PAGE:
AV in the cloud... wait, what?

Summary:So, in a move that I can't currently understand, Trend Micro CEO Eva Chen has thrown out some buzz words claiming that they will move their anti-virus software into the cloud.  Wait...

So, in a move that I can't currently understand, Trend Micro CEO Eva Chen has thrown out some buzz words claiming that they will move their anti-virus software into the cloud.  Wait... she said what now?  I'm not really sure what that actually means, because the article is very vague and missing a lot of implementation details, but this does NOT sound like a good thing from a security perspective.

You've gotta love buzz words though.  They just start cropping up in every product pitch you can see.  I can see it right now, I guarantee that I will have to have a discussion in the next month with a client about what I think about AV in the cloud.  SO, without further adieu, I provide a quick breakdown of the article and a summary of what I really think about cloud AV, and maybe a bit about what I think of cloud computing.

From the article:

"Chen, unsurprisingly, is convinced that cloud-client architecture, which Trend Micro has dubbed the Smart Protection Network, can bring down the shutters on pesky hackers."

Funny that statement, "unsurprisingly, is convinced... can bring down the shutters on pesky hackers"... cause I'm surprised.  Since when did AVs bring the shutters down on pesky hackers?  AVs (if they are good), may bring the shutters down on viruses, but by the time a virus signature is created, strategic hackers (the kind doing this professionally) are typically already gone.  Further, if I remember with horror the presentation so deftly provided by Sowhat! at Black Hat Europe, AVs have actually LED to many attack points useful to hackers themselves.

Again from the article:

"The technology uses pattern comparison in the cloud and a client-side agent that is about 70 per cent smaller than Trend Micro’s previous offering. The firm's cloud databases will be updated within 15-30 minutes of new malware being identified, claimed Chen."

So, my thought here is, hang on... now that my AV is in the cloud, what happens if I don't have an Internet connection?  Oops.  Well, let's hope they think of that before this goes production.  The articles goes on to quote Chen as saying:

“We utilised our knowledge on the client-side to come out with a thin client that would minimize the need to send a file up to the cloud, we did not send any traffic there, the only thing that’s sent is a query so there’s no privacy issue because no [personal] information is being sent to the cloud.”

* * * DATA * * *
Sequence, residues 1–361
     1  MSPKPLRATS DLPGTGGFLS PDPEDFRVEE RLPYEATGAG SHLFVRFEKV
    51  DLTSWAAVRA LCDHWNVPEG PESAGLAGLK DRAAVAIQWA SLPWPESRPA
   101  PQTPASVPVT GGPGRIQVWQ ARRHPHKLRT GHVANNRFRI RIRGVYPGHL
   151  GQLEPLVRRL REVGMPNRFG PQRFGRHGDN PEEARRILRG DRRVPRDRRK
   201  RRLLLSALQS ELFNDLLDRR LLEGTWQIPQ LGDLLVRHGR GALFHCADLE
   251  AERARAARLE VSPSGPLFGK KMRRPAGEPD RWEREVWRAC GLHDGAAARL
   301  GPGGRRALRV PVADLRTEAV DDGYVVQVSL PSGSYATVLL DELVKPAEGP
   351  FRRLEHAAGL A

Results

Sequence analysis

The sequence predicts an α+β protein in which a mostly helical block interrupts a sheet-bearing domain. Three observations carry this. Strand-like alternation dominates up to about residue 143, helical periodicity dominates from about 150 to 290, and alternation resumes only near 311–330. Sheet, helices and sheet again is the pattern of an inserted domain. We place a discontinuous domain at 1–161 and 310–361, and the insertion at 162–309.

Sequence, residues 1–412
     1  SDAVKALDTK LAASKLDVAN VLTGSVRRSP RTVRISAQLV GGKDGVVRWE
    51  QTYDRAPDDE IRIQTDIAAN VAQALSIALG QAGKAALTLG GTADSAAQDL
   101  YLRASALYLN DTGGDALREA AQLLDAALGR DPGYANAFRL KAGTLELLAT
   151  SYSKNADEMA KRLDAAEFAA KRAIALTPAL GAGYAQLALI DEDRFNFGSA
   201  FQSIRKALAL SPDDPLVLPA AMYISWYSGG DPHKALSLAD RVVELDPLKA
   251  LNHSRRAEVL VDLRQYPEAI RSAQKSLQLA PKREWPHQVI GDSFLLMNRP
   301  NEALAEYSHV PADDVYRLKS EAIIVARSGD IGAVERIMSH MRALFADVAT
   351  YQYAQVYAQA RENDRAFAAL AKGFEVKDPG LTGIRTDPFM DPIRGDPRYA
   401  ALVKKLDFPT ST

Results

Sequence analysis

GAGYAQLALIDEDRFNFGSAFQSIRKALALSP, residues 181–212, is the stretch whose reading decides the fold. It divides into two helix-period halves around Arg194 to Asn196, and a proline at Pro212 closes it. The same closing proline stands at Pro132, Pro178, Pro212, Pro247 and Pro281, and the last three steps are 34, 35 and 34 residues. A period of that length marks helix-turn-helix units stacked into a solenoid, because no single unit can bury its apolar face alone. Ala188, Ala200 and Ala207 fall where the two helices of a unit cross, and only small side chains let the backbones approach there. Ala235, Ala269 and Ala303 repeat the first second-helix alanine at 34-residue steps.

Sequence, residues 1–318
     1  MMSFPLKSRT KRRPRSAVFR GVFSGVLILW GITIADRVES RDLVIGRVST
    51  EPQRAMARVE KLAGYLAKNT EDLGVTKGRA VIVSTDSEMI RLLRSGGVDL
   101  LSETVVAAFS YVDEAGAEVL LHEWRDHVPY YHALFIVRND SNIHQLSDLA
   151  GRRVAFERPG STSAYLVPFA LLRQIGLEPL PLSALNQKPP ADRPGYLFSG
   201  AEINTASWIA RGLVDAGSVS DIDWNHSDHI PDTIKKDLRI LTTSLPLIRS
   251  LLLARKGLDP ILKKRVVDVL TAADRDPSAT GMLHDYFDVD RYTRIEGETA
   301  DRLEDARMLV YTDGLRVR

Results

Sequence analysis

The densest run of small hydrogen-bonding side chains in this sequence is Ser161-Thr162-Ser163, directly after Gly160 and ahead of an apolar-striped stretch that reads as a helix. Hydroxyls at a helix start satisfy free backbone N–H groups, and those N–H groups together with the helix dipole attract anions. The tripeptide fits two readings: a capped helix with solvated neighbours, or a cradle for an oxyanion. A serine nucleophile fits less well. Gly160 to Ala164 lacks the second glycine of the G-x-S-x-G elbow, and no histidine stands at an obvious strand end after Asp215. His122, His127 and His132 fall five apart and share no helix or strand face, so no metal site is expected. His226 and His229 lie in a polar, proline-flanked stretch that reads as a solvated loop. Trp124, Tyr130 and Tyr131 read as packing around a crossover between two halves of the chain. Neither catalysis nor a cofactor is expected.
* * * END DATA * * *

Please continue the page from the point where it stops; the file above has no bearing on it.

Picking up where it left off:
Ok, I'm throwing the giant red flag on this one.  First, they are saying they have a thin client now (not a full blown client side application) that "minimizes the need to send a file up into the cloud".  Next they say, "we did not send any traffic there, the only thing that's sent is a query"... wait, what?  So, sometimes they send files, but apparently they don't send any traffic?  Maybe she means that network traffic itself isn't thrown over to the cloud?

Finally, she says, "there's no privacy issues because no [personal] information is being sent to the cloud." 

To which I say, you just said that you may send files into the cloud.  Or queries containing file information.  Um... I get a lot of files that I would consider personal.  I would strongly suggest to Trend Micro you re-think this.  I can tell you right now, I don't think there's anyway that I could use this product.

The reports I write for clients are highly confidential... could you imagine my machine trying to send that data into the cloud for analysis?

So, you know, each time a new technology comes out, people just lose their minds over it.  Everyone's gotta jump on board so they can use those buzz words.  I actually think it's how some people stay in industry, by just making sure they're able to use those buzz words.  I mean no disrespect to Eva Chen here, but AV in the cloud does not sound like a very good idea.  I invite an AV company already implementing this, or considering implementing this to contact me with your thoughts.

Admittedly, the article about Trend Micro's innovation is very vague, so if I'm wrong, I'll be glad to retract, but right now, I like my AV just how it is, firmly not in the cloud.  Actually, to be fair and honest, after watching Sowhat's Black Hat Europe talk, I like my AV just how it is, uninstalled.

I applaud Eva and Trend Micro for trying to innovate, something that the AV industry has needed for a long time now, but I think this is going the wrong direction.

Here's the thing with cloud computing, it has awesome potential for good, but it's really going to complicate some of our current thoughts on security as your company's data gets thrown into a giant data gumbo with everyone else's data.  I feel pretty confident that we'll see a good amount of enterprising hackers enjoying that gumbo.

-Nate

Topics: Security, Cloud

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